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- 140 Kolekona Place
- Independent Speech Pathology Network
I have worked with VERY severe cases, which has afforded me the opportunity to work from the core of vowel production, establishing vowel accuracy and consistency quickly within the child's consonant repertoire. Typically this will include establishing accurate and consistent pure vowel production movements (ah, ee, & oo) within the child's consonant and familiar speech output repertoire, emphasizing accuracy for all contexts of speech that include the pure vowels that the child is able to produce/imitate. Emphasis includes family training and working with and training professionals across the child's weekly program, targeting positive practice (limiting practice of error productions), working from the child's familiar repertoire while maximizing novel attempts and approximations. Practice is intense and frequent, as the child's schedule and family financial ability allows (I am a private practitioner, and typically the families I work with engage me in advocacy, largely in the form of supporting school-based programs while increasing treatment frequency). Recommendation includes frequent treatment, especially initially.
In the past I worked with Apraxia Kids and hosted an Apraxia awareness event in the town of Moraga, CA. Currently, I have moved to the island of Kaua'i and am working with a few private cases as I establish myself here. I work with a very proactive family with a child with severe CAS and hope to raise awareness of CAS and the current working principles in detecting treating CAS here in Kaua'i.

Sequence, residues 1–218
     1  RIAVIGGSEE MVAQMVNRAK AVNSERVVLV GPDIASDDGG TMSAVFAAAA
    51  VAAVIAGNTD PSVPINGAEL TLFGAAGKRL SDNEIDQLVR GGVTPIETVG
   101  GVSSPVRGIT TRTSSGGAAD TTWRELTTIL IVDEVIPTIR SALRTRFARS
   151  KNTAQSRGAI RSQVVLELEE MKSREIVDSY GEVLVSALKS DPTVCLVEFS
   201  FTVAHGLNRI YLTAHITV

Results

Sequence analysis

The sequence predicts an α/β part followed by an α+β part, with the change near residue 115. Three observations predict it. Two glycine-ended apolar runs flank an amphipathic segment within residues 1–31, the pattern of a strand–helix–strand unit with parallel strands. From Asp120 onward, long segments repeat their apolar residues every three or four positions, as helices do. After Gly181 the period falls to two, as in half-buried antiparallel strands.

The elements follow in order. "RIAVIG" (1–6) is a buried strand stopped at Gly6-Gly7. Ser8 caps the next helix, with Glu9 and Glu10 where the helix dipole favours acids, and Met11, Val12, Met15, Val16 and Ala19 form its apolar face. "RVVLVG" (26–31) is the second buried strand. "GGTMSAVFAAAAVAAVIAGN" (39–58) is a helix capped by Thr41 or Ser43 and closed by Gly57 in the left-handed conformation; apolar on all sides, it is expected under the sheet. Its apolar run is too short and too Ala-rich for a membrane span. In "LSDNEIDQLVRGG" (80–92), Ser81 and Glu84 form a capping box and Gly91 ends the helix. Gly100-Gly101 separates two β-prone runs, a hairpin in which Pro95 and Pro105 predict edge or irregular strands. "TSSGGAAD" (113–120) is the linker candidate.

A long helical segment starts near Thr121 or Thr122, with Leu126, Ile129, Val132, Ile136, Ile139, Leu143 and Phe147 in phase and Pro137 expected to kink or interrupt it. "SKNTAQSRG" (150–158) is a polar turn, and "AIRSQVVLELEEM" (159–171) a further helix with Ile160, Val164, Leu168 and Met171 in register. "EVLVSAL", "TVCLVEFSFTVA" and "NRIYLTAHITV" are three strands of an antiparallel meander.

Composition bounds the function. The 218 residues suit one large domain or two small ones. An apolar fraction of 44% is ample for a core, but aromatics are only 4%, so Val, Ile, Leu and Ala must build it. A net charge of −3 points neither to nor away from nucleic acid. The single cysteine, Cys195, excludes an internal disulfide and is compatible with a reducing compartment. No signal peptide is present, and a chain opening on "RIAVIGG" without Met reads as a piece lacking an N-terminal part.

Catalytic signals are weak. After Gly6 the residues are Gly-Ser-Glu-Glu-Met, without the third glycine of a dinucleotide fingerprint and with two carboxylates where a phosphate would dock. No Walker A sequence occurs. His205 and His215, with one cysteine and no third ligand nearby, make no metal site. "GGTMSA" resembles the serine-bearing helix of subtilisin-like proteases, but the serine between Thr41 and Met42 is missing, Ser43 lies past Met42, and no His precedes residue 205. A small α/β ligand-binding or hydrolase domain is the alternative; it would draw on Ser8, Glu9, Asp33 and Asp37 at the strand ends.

From the beginning, parents are engaged to be active participants and to actively practice within and between sessions. Families are invited to videotape any aspect of treatment at any time and videos are shared with other professionals according to the parent's direction/discretion.
The family, typically one or two parents, are engaged dynamically in the execution of the treatment plan and trained in ways to manage generalization right from the beginning of treatment. The family and related professionals are engaged in moving quickly between block and random practice, from specific drill to real-world utilization, from speech to use of speech within linguistic contexts. To facilitate practice every day and several times within a day, families are provided with easy ways to incorporate both drill and linguistic-based speech practice as part of the their daily routine.
Increasingly I have decreased the use of high and low tech systems for families that seek my intervention for the primary goal of increasing speech comprehensibility/intelligibility. I have extensive experience with high (not as much recetnly) and low tech (more commonly, as the children I serve tend to be "lower" functioning in addition of CAS) systems, however, it has been my experience that all too often, especially within the school district service delivery model, that speech therapy becomes secondary to use of systems that emphasize language and functional communication in very young children. While it is easy to understand and consider how these systems can and should work together, my experience has been that AAC systems are used alternatively far more than augmentatively, with a resignation toward verbal/vocal communication in children who are young enough to learn the motor movements for sufficiently comprehensible speech and who should have a right to that function. My concern has been that the school-based service model does not have the capacity to provide adequate speech services for children with severe speech and language disorders that may require intensified and frequent treatment, let alone across two or more communicative systems (speech, AAC sign language, etc.) IF an alternative/augmentative system is incorporated in my intervention, where speech output is primary, it must use speech with the augmentative system. For example, if the child points to cookie, the accompanying core vowel along the way to the best approximation currently available to the child, is REQUIRED. Clearly, all approaches vary based on the child's current skill set coming into treatment. A child with an AAC system, for example, that functionally communicates with it and now is late in the game, adding speech, will be on a different program that a child who is young, starting out and maybe has access to good speech intervention along with AAC from earlier on in their communicative life.